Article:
I’m excited to welcome back author and archaeologist Sarah Wisseman today to talk about her delightful mystery BURNT SIENNA. I read this in about one sitting, and felt as if I traveled to Italy with the beautiful artistic descriptions. Sarah is a friend I’ve enjoyed meeting at several conferences. She and Molly MacRae usually enjoy a few meals with me and Kathleen Ernst. -AA
I first visited Siena, Italy, as an archaeology graduate student in 1975. I fell in love immediately. This picturesque city still has a medieval tower, at least one palazzo turned museum, and a spectacular Gothic cathedral with a multi-colored marble façade. Il Campo, the main piazza, is a car-free place for lounging, people-watching, and a suicidal horse race called the Palio. The race, held twice each summer, is preceded by days of colorful flag-tossing and pageantry. But after the race, the Sienese audience becomes a mob. Demented men from the losing contradas, Siena’s traditional town districts, compete in crying and screaming for each other’s blood and fighting in the streets.
I was delighted when an archaeology conference gave me the excuse to return to Siena in 2008. While soaking up atmosphere and taking pictures for my next book, I was amused to discover the old sign over the entrance of our conference venue: “ospedale psichiatrico,” or insane asylum. A perfect place for passionate and peculiar academics to meet!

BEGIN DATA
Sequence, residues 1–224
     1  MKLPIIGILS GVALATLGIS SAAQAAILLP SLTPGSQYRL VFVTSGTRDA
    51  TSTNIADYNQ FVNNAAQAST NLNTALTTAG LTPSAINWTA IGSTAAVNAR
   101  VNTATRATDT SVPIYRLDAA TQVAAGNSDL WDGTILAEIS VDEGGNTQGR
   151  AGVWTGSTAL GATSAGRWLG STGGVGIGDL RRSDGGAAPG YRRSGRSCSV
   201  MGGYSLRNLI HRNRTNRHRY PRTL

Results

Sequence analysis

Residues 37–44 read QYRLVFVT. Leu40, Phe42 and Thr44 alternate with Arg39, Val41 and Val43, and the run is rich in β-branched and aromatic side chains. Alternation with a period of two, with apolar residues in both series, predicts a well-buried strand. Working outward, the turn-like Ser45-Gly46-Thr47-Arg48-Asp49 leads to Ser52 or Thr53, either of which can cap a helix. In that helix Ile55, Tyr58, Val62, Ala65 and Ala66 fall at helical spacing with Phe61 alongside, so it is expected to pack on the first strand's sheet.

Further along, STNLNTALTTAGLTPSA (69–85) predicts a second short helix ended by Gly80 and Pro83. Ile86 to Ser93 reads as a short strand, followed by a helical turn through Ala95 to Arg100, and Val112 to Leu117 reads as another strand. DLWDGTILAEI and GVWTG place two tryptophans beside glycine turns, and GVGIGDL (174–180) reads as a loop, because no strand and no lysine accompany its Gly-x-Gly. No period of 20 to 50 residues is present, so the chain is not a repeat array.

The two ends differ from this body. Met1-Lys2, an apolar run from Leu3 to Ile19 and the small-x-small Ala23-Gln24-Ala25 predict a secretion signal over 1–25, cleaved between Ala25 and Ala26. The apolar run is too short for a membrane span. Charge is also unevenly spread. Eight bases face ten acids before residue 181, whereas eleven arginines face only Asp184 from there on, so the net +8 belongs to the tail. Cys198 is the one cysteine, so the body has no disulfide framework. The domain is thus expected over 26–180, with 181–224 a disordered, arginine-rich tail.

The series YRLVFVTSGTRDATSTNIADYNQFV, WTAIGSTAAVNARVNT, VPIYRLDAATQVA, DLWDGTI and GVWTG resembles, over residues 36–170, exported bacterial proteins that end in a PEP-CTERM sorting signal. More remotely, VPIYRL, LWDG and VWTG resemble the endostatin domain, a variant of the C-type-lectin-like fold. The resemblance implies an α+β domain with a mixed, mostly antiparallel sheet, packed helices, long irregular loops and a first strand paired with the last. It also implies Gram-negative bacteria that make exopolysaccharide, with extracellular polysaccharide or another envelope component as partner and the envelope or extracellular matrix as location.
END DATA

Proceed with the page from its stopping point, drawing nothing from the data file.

Both the Palio and the insane asylum crept into my novel, Burnt Siena (Five Star/ Cengage, June 2015). The mystery stars Flora Garibaldi, a half-Italian art conservator who discovers that her job with the Lorenzettis, a renowned family of painters in Siena, is not at all what she expected. Instead of using her advanced training in restoring Old Master paintings, Flora is assigned menial tasks mixing gesso and fixing picture frames. Then she discovers that her employers are supplementing their legitimate income with forgery and smuggling antiquities. After a colleague is murdered, Flora juggles the demands of her irascible boss and a young policeman, Vittorio Bernini. Bernini appears less interested in in solving the murder than he is in getting to know Flora.
The other star of the story is a Greek statue, a kouros (young man), that Marco Lorenzetti is sculpting. A driven artist, Marco is much more concerned with creating a fine marble sculpture than he is with what his father, Beppe Lorenzetti, may do with the finished product. Will it be sold as a modern replica of an ancient statue? Or will it find its way onto the black market as an ancient Greek “original”? This key part of the plot was inspired by the notorious kouros purchased by the J. Paul Getty Museum in California in the 1980s for a cool nine million dollars. Multiple scientists examined the statue to determine the source of the marble and the age of its patina, and sculpture experts around the world weighed in on the statue’s authenticity. To this day, scholars disagree about whether the Getty Kouros is a fabulous fake or an unusually well-preserved antiquity.
***Sarah Wisseman, a retired archaeologist at the University of Illinois, is the author of four Lisa Donahue Archaeological Mysteries set in Boston (Bound for Eternity and The Fall of Augustus) and the Middle East (The Dead Sea Codex and The House of the Sphinx) and one stand-alone historical mystery (The Bootlegger’s Nephew) set in Prohibition-era Illinois. Visit her at sarahwisseman.com